DANIEL TRAUB- Director/Producer/Cinematographer Daniel Traub is a New York-based filmmaker and photographer. He lived in China from 1998 to 2007, working as cinematographer on documentary films for various networks and production companies, including PBS, German television ZDF and Arte. More recently, Traub directed the feature-length Barefoot Artist about Lily Yeh and her collaborative artworks in war-torn communities and Xu Bing: Phoenix about the condition of Chinese migrant laborers. Traub’s photographs have been exhibited internationally, including solo exhibitions at the Catherine Edelman Gallery in Chicago, Slought Foundation in Philadelphia and the Lianzhou Foto Festival in China. His work can be found in public and private collections, such as The Margulies Collection at the Warehouse and San Francisco Museum of Modern Art.

KEN KOBLAND – Editor/Producer Since the mid-1970s, Kobland has produced art/experimental/personal film and video works that have been screened in numerous festivals worldwide and are in the collections of the Museum of Modern Art; Centre Pompidou; Stedelijk Museum; and Arsenal, Berlin. Kobland has collaborated for many years with the Wooster Group, a New York-based experimental theater company. He has worked as a cinematographer and editor on documentary features on Joan Mitchell, Chuck Close, Louise Bourgeois, and Ilya and Emilia Kabakov. Kobland’s personal work is distributed by EAI (NY), ARGOS (Brussels) and VDB (Chicago).

MORNING SLAYTER- Executive Producer Morning Slayter has worked as a producer, director and sound recordist on documentaries and features. She produced the documentary Shut Up and Look about the artist Richard Artschwager and High Wire on Philippe Petit, and has directed political shorts at the United Nations and the White House for Danish and Swedish television. She worked closely with artists in the making of films on Alexander Calder, Henry Moore, Willem de Kooning, Georgia O’Keeffe, Roy Lichtenstein, Claes Oldenburg, Larry Rivers, Mark di Suvero and Nam June Paik. She is a private art dealer and art appraiser with expertise in 20th- and 21st-century American and European art.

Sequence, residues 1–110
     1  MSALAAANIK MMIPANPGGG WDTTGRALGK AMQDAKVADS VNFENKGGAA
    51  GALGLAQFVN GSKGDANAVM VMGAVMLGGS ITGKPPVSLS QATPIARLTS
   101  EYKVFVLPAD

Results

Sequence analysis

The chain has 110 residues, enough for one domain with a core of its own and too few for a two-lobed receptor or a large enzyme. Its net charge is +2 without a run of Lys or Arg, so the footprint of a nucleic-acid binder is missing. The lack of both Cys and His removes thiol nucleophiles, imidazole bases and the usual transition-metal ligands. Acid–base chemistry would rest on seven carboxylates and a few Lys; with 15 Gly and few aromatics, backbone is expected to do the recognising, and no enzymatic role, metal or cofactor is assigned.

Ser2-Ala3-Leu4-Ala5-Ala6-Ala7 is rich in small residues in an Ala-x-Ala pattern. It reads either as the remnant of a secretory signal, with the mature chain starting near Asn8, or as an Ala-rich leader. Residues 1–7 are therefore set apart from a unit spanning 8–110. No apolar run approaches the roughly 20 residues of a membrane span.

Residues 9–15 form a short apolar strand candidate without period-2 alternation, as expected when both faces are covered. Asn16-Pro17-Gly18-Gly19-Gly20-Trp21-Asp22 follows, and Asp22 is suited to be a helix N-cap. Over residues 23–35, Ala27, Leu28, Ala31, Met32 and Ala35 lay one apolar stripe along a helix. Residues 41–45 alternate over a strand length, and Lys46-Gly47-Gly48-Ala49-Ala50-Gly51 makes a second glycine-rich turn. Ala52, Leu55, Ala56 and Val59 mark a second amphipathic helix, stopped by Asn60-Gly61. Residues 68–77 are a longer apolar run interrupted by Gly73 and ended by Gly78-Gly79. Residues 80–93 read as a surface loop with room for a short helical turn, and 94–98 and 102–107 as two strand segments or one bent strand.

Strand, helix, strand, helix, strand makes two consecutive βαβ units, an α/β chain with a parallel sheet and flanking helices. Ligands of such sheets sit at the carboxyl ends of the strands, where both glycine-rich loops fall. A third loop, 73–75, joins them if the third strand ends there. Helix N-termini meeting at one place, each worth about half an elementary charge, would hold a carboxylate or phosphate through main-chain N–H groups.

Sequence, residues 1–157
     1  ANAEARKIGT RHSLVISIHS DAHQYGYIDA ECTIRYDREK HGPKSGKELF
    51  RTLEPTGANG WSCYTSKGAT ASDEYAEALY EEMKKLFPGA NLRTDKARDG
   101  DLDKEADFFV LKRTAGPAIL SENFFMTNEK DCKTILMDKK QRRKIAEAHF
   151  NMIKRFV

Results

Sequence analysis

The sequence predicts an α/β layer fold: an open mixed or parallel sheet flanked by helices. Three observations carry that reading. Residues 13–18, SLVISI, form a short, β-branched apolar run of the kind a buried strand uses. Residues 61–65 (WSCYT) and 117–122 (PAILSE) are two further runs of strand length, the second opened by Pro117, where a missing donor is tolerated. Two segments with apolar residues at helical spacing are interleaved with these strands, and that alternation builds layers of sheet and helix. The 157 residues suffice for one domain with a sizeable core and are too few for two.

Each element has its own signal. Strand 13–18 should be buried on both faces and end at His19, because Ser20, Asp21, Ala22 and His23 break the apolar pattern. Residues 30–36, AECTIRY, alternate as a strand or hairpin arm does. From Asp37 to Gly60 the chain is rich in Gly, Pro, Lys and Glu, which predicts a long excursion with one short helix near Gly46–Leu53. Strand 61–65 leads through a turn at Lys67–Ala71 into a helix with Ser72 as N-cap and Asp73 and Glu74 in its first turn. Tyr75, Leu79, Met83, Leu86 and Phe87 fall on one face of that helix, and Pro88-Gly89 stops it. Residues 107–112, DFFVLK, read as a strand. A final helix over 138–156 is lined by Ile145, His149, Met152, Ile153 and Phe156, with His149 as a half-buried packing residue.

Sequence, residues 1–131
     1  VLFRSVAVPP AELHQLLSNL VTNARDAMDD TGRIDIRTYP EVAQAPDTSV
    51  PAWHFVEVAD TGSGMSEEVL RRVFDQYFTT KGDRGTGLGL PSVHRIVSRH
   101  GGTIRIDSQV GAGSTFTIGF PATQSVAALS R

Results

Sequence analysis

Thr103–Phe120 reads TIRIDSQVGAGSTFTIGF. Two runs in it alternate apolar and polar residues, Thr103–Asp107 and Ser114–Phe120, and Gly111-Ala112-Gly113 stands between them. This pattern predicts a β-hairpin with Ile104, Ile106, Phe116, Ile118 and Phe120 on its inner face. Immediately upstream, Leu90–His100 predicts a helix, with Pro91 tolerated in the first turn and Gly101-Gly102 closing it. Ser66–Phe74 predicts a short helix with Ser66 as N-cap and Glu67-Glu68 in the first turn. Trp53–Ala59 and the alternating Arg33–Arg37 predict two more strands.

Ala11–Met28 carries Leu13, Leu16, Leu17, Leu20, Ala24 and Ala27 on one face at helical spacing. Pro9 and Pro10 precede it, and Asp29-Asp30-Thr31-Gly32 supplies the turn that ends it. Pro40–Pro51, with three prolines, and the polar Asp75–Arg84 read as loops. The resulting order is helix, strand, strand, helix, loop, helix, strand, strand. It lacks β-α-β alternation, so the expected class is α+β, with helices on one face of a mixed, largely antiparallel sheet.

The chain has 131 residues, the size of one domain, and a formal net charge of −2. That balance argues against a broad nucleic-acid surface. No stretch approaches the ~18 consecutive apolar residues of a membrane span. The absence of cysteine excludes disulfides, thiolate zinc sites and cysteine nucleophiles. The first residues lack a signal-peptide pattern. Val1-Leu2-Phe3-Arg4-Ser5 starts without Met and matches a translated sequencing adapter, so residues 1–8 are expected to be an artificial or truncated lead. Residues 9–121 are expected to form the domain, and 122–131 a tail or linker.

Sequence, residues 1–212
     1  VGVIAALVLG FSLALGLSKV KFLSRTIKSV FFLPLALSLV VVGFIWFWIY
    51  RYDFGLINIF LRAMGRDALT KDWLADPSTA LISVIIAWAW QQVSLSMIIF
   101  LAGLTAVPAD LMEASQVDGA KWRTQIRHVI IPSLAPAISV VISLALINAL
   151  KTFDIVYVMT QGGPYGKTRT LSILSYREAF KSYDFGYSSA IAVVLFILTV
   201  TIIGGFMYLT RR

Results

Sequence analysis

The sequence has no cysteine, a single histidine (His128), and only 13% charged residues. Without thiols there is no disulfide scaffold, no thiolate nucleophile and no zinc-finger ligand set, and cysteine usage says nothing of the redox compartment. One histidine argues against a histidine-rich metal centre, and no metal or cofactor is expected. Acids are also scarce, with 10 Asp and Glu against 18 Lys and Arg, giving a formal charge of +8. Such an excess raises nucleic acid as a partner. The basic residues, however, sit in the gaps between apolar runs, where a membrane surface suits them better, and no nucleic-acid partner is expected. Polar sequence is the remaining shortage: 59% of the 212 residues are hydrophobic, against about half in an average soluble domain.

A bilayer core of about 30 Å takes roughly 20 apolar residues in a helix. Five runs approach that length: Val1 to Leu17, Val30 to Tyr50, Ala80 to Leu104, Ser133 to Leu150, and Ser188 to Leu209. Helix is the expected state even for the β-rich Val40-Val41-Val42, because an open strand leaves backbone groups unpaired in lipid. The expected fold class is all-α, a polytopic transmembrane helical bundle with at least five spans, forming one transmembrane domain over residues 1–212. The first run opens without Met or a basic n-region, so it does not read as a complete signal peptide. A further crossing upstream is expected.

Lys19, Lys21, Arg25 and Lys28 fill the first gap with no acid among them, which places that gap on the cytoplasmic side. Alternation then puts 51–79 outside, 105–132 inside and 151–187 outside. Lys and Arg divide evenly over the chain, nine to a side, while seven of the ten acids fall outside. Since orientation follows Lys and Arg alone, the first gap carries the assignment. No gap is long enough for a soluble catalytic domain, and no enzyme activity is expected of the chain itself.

MELODY LONDON- Editor Melody London is a film editor of internationally awarded fiction and documentary feature films. Her most recent editorial credits include It’s Personal by Paramount Pictures, about the organizers of the Women’s March; Laurie Anderson’s Heart of a Dog, shortlisted for an Academy Award; and Laura Poitras’s Risk, which premiered at the Cannes Film Festival. She has directed projects that include Mary Henry, a feature documentary and Lost financed by the American Film Institute. The first feature film (of more than seventeen) that London edited, Stranger Than Paradise was aesthetically groundbreaking and won many international prizes. London is on the Board of Directors of the Eurica Media Lab, which is dedicated to global communication.

SIMON TAUFIQUE- Composer/Producer Simon TaufiQue is a New York-based polymath: film producer, composer, entrepreneur, tech inventor and cat owner. He recently produced the Lionsgate/Universal film Imperium, starring Daniel Radcliffe and Toni Collette. TaufiQue co-produced and scored She’s Lost Control (Visit Films) with executive producer and Academy Award nominee, Oren Moverman. The film won the CICAE Forum Prize at the Berlinale, was screened at SXSW and New Directors/New Films, and was nominated for two Independent Spirit awards. Current projects include the MacArthur Foundation-winning documentary The Interpreter, the Sloan Prize-winner Radioactive Boy Scout, and the film adaptation of Rick Moody’s cherished novel Purple America, as well as an anthology series of feature-length adaptations of literary works by legendary authors Tennessee Williams, Paul Auster, Zadie Smith, John William Cheever, Patricia Highsmith, Jonathan Franzen and Rick Moody. TaufiQue is a founding partner of the indie film fund Atomic Features and GMK Media.

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Earlier Event: October 10
Department Info Session